SYDNEY (Reuters) - The euro held gains in early Asia on Tuesday, following a sudden turnaround in investor mood from extreme skepticism to tentative optimism that Europe was really putting a plan together to deal with its debt and banking crisis.
The euro was last at $1.3516, having rallied from an eight-month low of $1.3360 on Monday. It was steady against the yen at 103.17, having bounced from a fresh decade low at 101.90 yen.
A steady drip feed of reports about how euro zone authorities were considering bolder steps to tackle their problems lifted the mood, though many hurdles lie ahead.
CNBC said one plan involves setting up a special purpose vehicle to buy distressed debt from banks and issuing them with new paper that could be exchanged with the European Central Bank (ECB).
“Markets are getting more confident around some action plan in Europe, which is positive, but on the other side, markets are also looking for more policy easing from the ECB, which is negative,” said Greg Gibbs, currency strategist at RBS in Sydney.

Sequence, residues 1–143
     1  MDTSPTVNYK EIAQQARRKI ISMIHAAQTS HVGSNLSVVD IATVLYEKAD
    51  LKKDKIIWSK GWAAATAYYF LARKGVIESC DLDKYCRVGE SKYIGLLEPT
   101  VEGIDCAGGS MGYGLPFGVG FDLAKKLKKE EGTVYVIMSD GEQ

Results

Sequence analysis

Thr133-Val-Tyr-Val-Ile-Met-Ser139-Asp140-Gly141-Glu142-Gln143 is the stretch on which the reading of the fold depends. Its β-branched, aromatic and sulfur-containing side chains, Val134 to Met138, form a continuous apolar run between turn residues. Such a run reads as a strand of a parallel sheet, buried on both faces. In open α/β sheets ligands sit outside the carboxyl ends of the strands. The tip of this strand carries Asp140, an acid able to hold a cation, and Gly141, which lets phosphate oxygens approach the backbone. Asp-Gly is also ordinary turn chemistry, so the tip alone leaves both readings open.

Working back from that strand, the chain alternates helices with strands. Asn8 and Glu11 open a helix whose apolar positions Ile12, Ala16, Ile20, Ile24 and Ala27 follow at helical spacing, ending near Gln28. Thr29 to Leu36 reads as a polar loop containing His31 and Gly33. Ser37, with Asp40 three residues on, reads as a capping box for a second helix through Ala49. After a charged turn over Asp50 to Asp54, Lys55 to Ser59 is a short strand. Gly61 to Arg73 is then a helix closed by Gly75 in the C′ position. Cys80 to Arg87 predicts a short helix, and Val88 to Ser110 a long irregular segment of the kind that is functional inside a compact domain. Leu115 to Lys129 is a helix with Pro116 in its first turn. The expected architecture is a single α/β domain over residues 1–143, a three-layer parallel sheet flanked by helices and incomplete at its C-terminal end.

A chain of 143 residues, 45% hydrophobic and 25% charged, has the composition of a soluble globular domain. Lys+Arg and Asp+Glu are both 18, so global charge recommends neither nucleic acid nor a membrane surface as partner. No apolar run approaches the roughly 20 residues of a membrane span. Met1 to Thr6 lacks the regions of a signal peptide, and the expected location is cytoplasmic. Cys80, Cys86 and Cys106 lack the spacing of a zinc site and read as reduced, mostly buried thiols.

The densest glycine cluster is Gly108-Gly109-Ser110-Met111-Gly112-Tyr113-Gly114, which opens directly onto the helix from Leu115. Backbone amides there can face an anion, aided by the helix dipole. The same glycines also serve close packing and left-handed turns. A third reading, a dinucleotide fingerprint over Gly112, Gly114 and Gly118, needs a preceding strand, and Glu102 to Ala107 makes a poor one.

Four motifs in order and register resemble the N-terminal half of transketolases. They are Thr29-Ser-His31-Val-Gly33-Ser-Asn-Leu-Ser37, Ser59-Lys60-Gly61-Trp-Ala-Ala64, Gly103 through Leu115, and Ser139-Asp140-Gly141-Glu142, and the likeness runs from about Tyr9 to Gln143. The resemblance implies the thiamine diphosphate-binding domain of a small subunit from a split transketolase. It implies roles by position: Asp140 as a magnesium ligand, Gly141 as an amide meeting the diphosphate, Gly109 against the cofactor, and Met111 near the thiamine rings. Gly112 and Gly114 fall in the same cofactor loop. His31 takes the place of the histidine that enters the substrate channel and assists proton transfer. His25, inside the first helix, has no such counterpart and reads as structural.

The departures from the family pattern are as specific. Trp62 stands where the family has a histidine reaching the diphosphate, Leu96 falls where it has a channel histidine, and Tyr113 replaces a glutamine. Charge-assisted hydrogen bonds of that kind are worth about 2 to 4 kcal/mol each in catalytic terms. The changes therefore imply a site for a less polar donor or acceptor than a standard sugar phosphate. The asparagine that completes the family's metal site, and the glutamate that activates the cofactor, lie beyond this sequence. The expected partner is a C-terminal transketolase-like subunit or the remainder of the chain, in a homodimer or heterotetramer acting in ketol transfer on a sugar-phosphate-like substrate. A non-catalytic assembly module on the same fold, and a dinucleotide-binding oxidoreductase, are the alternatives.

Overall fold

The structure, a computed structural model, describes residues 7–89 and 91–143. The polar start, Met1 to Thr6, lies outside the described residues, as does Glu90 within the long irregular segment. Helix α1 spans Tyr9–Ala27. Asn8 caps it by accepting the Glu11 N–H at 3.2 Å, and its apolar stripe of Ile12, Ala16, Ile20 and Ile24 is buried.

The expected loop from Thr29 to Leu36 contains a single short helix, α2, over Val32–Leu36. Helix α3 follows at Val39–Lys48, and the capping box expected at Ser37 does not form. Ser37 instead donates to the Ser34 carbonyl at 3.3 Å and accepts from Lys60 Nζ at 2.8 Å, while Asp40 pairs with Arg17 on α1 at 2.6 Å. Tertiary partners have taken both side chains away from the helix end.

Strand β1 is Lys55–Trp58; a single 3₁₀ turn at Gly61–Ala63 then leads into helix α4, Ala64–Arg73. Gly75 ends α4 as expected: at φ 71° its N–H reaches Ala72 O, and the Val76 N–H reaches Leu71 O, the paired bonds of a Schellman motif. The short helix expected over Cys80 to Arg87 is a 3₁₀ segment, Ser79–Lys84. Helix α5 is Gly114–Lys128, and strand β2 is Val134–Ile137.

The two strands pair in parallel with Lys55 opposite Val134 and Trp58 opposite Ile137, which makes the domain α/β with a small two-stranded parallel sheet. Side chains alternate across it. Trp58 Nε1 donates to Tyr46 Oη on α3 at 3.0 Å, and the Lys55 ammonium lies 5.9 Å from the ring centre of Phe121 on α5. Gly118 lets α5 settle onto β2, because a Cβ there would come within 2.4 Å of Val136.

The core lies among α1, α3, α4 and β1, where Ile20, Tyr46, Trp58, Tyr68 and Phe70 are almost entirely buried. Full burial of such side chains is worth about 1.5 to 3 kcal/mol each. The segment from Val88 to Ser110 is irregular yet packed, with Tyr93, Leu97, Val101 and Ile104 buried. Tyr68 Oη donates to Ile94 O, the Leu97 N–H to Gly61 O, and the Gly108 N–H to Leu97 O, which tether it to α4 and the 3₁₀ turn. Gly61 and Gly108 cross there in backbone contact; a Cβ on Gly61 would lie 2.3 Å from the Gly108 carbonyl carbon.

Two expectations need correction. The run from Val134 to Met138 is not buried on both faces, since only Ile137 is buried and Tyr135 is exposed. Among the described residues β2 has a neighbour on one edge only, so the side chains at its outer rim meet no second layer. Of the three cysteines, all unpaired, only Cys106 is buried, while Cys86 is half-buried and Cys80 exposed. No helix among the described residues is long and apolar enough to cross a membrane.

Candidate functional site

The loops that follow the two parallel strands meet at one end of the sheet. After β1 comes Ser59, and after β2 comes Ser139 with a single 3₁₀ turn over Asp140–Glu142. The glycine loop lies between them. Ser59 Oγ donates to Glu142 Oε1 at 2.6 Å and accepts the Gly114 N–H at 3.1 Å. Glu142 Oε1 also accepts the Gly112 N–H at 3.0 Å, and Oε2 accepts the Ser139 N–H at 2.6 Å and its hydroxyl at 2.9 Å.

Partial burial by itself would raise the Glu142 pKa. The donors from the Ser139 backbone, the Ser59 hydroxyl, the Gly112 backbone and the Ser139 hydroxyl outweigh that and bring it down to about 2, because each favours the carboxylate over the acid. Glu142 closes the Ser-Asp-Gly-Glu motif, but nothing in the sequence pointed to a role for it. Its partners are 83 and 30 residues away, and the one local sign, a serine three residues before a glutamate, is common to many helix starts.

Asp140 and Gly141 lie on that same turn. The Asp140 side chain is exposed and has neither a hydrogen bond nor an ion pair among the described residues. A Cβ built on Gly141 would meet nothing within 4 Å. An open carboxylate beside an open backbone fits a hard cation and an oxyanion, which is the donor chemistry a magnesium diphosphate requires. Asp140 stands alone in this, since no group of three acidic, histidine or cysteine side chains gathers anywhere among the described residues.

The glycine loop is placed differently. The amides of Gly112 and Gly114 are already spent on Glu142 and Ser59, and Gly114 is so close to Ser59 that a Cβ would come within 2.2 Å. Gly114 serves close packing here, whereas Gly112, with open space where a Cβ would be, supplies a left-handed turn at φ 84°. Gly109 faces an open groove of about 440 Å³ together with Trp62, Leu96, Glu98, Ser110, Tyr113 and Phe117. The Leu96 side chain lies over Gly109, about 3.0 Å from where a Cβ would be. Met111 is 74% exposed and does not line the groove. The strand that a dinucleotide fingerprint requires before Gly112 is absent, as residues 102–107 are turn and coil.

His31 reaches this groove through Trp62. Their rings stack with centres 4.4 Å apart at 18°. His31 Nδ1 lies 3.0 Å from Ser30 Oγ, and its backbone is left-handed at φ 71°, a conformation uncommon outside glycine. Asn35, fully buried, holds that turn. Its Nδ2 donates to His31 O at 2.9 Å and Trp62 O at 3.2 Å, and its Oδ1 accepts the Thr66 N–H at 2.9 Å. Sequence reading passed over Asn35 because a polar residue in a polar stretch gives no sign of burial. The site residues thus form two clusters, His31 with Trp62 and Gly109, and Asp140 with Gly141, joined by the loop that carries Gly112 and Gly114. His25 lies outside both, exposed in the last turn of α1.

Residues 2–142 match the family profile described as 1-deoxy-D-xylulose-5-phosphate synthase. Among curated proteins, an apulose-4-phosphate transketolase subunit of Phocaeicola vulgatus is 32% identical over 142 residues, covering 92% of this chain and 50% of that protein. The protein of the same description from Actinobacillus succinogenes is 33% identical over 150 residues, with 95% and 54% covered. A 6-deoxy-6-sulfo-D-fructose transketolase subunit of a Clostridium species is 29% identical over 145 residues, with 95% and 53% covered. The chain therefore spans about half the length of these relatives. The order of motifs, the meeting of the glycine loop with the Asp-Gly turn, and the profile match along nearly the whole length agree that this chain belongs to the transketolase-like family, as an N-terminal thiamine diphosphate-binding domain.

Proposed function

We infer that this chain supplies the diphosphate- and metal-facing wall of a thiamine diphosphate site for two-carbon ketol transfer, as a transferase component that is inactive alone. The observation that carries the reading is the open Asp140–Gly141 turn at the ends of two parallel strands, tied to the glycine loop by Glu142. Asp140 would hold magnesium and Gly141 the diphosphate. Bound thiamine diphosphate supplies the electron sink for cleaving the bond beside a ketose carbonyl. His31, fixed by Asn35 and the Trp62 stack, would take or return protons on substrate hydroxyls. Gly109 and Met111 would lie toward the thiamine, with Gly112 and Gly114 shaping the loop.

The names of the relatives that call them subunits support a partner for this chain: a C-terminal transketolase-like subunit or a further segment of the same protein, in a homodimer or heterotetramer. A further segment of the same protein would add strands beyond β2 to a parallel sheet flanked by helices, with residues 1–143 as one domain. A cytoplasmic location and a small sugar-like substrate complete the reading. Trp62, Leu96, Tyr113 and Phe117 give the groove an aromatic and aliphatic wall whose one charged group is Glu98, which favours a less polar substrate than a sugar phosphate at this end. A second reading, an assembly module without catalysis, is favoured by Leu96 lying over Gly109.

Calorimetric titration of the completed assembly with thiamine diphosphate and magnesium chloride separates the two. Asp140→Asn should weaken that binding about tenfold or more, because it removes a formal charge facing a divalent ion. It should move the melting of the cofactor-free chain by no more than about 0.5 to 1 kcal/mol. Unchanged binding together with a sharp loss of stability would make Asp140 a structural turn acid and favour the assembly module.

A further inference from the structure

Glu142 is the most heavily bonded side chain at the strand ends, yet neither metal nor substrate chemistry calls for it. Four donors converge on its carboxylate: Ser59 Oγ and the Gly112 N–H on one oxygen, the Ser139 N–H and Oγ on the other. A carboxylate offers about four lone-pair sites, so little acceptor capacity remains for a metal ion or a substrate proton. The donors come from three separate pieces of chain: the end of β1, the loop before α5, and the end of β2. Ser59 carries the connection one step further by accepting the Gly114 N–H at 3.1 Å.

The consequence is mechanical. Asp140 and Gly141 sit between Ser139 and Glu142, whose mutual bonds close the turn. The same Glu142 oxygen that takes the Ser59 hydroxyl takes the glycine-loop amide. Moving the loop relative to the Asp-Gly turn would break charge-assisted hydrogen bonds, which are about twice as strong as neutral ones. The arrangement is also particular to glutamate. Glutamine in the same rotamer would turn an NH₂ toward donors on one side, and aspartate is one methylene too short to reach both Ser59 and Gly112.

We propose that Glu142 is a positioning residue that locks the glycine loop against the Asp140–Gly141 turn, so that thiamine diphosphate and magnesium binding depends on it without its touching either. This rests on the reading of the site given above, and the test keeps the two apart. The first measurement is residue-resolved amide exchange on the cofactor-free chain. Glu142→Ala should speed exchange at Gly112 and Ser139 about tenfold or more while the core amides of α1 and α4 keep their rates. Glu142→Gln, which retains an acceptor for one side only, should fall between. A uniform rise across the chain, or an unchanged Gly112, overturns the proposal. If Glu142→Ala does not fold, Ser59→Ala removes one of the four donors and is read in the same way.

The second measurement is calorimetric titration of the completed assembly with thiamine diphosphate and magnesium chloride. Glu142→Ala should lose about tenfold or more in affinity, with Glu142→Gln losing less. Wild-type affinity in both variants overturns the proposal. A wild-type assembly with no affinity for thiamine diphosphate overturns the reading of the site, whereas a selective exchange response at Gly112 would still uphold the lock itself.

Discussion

“The combination of both will leave the euro caught in the middle somewhere.”
For now support is found at $1.3470, ahead of a more solid floor at $1.3430-40, while resistance is seen at $1.3585, then $1.3630.
The euro zone is still facing plenty of hurdles, including votes this week in Finland and Germany on the earlier EFSF structure. The Greek government votes Tuesday on new austerity measures needed to secure aid.
However, talk of the new action plan seemed enough to ease the ultra-bearishness of investors and trigger a rebound in riskier assets such as commodities and stocks.
Copper had an amazing day, ending up 2 percent higher after crashing more than 6 percent at one stage.
Risk currencies also had a wild ride with the Aussie bouncing back to $0.9838, from a 10-month trough of $0.9622.
The dollar index edged down 0.35 percent to 78.088, after hitting an eight-month peak of 78.863.
The dollar remained stuck against the yen at 76.36, though traders reported growing talk Japan could intervene this week ahead of the end of their financial half-year. The yen has gained nearly 6 percent so far this year.
Early Tuesday, Japan’s government said it wants to bring forward steps to ease the pain some companies feel from a stronger yen and enact the measures before it completes an extra budget to fund reconstruction spending.
Editing by Wayne Cole